The European Commission has introduced its Social Fairness Package as part of implementing the European Pillar of Social Rights. Part of this initiative is concerned with ensuring access to social protection for all workers, including the self-employed (see our article March 2018).
For the impact assessment, the European Commission commissioned six case studies on access to social protection for non-standard forms of employment in the Member States of Germany, Poland, the Netherlands, Romania, Spain and Italy. These have now been published. One of these studies examined access to social protection in Germany for workers in mini-jobs.
What is a mini-job?
In Germany, mini-jobs are a form of marginal employment where a person either earns a maximum of €450 per month or only works for a maximum of 70 days per calendar year.
The authors of the study note that mini-jobs have become a key feature of the German labour market, as now one fifth of all dependent employees in Germany hold a mini-job. The most common form of mini-job is the one with a monthly income ceiling of €450. Of the total 7.6 million people with a mini-job, the vast majority of them (4.9 million) have a mini-job as their main occupation.
Who works in mini-jobs?
According to the authors, the group of persons with a mini-job is highly diverse, ranging from school students to pensioners. Mini-jobbers mainly consist of:
- people working in lower and middle-income segments who have a mini-job as their second job;
- housewives and pensioners who have a mini-job as their main job;
- school and university students; and
- the unemployed who are supplementing their unemployment benefits.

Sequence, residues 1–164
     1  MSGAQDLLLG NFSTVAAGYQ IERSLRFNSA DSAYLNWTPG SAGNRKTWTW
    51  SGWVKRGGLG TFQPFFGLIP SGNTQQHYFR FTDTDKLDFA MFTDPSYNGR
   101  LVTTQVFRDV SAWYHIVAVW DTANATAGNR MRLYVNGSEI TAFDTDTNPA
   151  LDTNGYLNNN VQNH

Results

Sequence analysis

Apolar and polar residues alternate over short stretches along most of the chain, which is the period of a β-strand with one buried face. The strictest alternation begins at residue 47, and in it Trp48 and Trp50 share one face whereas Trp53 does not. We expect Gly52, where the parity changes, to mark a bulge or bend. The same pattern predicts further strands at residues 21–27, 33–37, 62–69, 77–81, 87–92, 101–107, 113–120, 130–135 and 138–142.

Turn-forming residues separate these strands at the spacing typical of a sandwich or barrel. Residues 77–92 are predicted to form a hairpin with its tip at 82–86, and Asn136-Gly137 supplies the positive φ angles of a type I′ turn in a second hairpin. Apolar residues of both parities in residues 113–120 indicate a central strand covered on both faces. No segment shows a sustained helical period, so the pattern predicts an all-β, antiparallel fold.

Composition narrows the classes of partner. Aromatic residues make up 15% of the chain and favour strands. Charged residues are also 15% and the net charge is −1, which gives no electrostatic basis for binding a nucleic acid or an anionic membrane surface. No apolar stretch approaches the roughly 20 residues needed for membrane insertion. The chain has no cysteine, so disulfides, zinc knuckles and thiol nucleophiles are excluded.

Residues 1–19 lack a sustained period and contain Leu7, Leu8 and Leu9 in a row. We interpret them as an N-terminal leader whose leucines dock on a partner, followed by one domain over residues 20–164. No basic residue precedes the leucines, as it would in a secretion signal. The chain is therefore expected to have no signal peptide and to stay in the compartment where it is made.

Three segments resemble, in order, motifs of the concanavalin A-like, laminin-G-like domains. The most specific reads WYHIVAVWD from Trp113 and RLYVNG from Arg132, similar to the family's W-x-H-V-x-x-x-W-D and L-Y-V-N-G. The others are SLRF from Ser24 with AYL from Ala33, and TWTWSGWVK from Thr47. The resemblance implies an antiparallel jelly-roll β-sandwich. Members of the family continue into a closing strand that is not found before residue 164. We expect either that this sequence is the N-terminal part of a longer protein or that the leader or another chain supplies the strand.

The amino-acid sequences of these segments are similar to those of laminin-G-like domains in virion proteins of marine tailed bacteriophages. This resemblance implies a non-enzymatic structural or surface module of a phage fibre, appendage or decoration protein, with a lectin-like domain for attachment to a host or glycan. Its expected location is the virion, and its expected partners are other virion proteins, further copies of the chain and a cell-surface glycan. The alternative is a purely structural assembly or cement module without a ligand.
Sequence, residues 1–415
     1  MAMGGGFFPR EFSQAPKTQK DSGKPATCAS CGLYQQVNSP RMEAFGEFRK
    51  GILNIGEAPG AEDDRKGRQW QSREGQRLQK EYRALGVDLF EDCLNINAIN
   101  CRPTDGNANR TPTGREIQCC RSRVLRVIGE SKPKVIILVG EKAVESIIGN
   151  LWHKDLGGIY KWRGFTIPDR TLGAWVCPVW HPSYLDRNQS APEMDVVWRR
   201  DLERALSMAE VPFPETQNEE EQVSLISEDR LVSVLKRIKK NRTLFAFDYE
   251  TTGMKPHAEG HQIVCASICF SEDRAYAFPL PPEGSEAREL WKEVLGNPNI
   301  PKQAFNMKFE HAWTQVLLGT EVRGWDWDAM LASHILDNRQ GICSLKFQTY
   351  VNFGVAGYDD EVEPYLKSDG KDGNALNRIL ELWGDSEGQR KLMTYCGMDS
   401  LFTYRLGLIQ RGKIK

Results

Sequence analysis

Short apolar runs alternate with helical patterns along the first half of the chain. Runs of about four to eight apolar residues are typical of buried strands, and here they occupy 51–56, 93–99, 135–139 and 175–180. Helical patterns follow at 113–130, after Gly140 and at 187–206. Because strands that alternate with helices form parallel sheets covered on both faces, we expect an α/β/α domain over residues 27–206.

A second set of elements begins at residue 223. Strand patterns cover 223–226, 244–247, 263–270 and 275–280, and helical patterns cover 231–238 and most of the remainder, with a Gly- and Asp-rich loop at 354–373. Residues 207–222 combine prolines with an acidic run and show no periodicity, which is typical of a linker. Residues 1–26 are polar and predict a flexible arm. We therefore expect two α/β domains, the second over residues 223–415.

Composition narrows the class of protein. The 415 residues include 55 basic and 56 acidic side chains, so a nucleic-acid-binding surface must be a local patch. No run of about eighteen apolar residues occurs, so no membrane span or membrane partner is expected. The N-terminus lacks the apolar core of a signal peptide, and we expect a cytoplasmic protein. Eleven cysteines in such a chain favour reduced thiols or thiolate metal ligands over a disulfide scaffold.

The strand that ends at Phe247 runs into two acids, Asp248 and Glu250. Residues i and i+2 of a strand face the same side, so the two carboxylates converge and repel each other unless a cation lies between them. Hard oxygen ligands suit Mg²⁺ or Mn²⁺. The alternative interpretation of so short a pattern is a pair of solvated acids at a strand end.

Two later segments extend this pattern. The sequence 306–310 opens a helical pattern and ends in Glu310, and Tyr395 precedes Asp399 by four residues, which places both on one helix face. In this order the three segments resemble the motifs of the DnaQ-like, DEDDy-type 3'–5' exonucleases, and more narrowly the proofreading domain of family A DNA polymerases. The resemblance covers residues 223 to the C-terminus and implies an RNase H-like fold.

Social protection in the social insurance branches
By and large, mini-jobbers are covered by statutory health insurance because more than 96% of mini-jobbers have derived entitlements (for example, through their primary job or family insurance) due to the general obligation to take out health insurance.
As far as statutory pension insurance is concerned, mini-jobbers often opt out from making employee contributions to pension insurance schemes and thus very few mini-jobbers acquire better pension entitlements.
The authors of the study believe that the existing regulations on mini-jobs mean that divorcees are particularly at risk of not having adequate social security, because derived entitlements to statutory health insurance and pensions are lost following a divorce.
In addition, mini-jobbers are not covered by long-term care and unemployment insurance. It is also unlikely that mini-jobbers will acquire entitlements to company pensions.
The authors of the study also comment on other issues. For example, they state that mini-jobbers often have a lack of information about their labour rights, which in practice leads to a lack of protection by labour market regulations.
The authors also believe that mini-jobs tend to subsidise the expansion of the low-wage sector. They argue that this is due to the reduction of non-wage labour costs and possible tax savings that the existing schemes offer to both employers and workers.
According to the authors of the study, mini-jobs also encourage traditional role allocation in families, since they offer a strong incentive for women to work only a few hours. To counter this, women should be encouraged to acquire their own pension rights in order to prevent poverty in old age.
In addition, there is a low tendency to move from a mini-job into standard employment. Furthermore, it is possible that rather than boosting employment, the concept of mini-jobs is actually reducing the volume of work.
The authors of the study argue that it would be advisable that all types of employment, including mini-jobs, be subjected to the same rules on social security contributions.
The study does not reflect the views of the European Commission but rather of the authors.
The full study can be viewed online here.